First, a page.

Many utility rate structures have a ratchet clause associated with their demand rate. To understand the purpose of the ratchet clauses, one must realize that if the utility must supply power to meet a peak load in July, it must keep that equipment on hand and maintain it for the next peak load which may not occur for another year. To charge for this cost, and to encourage customers to level their demand over the remaining months, many utilities have a ratchet clause.

A ratchet clause usually says that the billed demand for any month is a percentage (usually greater than 50%) of the highest maximum demand of the previous 11 months or the actual demand, whichever is greater. The demand is normally corrected for the power factor. For a company with a large seasonal peaking nature, this can be a real problem. A peak can be set in July during a heavy air conditioning period that the company in effect pays for a full year. The impact of ratchet clauses can be significant, but often a company never realizes this has occurred.

### 3.1.6.4 Power factor.

Power factor is a complex subject to explain, but it can be a vitally important element in a company's electrical bill. One company the authors worked with had a power factor of 51 percent. With their billing schedule, this meant they were paying a penalty of 56.9 percent on demand billing. With the addition of power factor correction capacitors, this penalty could have been avoided or minimized.

The power factor is important because it imposes costs on a utility that are not recovered with demand and energy charges. Industrial customers are more likely to be charged for a poor power factor. They create greater power factor problems for a utility because of the equipment they use. They are also more likely to be able to correct the problem.

To understand the power factor, you must understand electric currents. The current required by induction motors, transformers, fluorescent lights, induction heating furnaces, resistance welders, etc., is made up of three types of current:

1. Power-producing current (working current or current producing real power). This is the current which is converted by the equipment into useful work, such as turning a lathe, making a weld, or pumping water. The unit of measurement of the real power produced from working current is the kilowatt (kW).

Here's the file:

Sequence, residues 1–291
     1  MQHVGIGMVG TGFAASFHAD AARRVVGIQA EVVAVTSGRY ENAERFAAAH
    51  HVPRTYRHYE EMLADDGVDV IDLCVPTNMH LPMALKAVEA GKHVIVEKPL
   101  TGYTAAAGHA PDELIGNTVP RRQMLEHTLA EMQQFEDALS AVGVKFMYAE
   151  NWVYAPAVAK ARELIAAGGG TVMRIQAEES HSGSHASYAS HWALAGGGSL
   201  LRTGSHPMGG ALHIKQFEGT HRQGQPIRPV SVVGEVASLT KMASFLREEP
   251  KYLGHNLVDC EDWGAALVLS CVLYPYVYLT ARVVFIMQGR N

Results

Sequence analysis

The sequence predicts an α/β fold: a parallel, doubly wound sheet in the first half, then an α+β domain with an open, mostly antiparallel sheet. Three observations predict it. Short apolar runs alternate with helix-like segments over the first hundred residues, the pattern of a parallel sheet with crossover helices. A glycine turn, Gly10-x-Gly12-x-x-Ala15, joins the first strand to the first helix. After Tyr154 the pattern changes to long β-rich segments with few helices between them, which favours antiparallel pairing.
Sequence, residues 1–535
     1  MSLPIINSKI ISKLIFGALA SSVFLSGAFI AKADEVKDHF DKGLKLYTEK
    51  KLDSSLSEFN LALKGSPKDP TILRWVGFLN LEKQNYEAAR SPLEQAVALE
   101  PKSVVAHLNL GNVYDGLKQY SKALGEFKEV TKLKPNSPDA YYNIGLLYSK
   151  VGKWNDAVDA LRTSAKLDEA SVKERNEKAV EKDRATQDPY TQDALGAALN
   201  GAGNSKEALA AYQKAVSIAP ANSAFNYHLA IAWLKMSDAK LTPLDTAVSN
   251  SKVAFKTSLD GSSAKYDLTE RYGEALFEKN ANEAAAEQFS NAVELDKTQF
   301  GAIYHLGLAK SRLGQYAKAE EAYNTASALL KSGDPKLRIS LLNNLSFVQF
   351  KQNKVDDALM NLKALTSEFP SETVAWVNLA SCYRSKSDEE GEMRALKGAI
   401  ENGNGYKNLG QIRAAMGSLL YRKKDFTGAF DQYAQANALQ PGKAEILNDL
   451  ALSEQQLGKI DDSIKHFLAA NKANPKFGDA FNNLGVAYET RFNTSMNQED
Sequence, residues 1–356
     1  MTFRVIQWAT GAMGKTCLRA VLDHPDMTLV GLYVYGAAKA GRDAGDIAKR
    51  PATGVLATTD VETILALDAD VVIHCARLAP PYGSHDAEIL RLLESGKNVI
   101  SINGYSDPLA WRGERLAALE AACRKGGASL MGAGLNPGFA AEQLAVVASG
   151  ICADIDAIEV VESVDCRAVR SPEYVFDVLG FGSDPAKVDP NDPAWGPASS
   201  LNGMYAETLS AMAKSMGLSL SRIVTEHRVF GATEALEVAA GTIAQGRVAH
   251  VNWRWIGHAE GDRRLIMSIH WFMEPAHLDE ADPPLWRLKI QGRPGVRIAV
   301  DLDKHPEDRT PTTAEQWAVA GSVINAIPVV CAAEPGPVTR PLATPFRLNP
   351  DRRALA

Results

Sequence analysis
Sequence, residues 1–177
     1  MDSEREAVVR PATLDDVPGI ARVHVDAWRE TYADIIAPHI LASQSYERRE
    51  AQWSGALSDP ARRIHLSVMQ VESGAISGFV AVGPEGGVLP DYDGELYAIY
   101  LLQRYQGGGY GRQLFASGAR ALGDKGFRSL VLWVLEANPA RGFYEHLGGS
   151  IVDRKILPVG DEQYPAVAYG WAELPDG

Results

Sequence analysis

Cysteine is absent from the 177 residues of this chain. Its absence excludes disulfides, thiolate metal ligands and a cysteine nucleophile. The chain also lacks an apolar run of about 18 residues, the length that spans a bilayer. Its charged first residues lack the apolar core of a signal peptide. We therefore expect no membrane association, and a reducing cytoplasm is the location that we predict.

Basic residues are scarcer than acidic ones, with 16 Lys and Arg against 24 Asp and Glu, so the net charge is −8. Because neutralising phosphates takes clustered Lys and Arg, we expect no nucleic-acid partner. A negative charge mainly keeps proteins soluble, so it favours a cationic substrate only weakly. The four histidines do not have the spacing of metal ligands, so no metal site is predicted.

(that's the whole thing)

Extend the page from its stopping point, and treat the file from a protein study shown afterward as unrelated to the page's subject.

2. Magnetizing current (wattless or reactive current). This is the current which is required to produce the flux necessary for the operation of induction devices. Without magnetizing current, energy could not flow through the core of a transformer or across the air gap of an induction motor. The unit of measurement of the reactive power associated with magnetizing current is the kilovar (kVAR) or kilovoltamperes reactive.

3. Total current (current producing apparent power or total power). This is the current that is read on an ammeter in the circuit. It is made up of the vector sum of the magnetizing current and the power-producing current. The unit of measurement of apparent power associated with this total current is the kilovoltampere (kVA). Most alternating current (ac) powered loads require both kilowatts and kilovars to perform useful work.

Power factor is the ratio of actual (real) power being used in a circuit, expressed in watts or kilowatts, to the apparent power drawn from the power line, expressed in voltamperes or kilovolt-amperes. The relationship of kW, kVAR, and kVA in an electrical system can be illustrated by scaling vectors to represent the magnitude of each quantity, with the vector for kVAR at a right angle to that for kW (Figure 3-9). When these components are added vectorially, the resultant is the kVA vector. The angle between the kW and kVA vectors is known as the phase angle. The cosine of this angle is the power factor and equals kW/kVA.

 e Î kVA (total current) kVAR (reactive current) Lagging

d = phase angle = measure of net amount of inductive reactance in circuit cos d = PF = ratio of real power to apparent power kVA = ^ = JPF^(kW2 + (kVAR2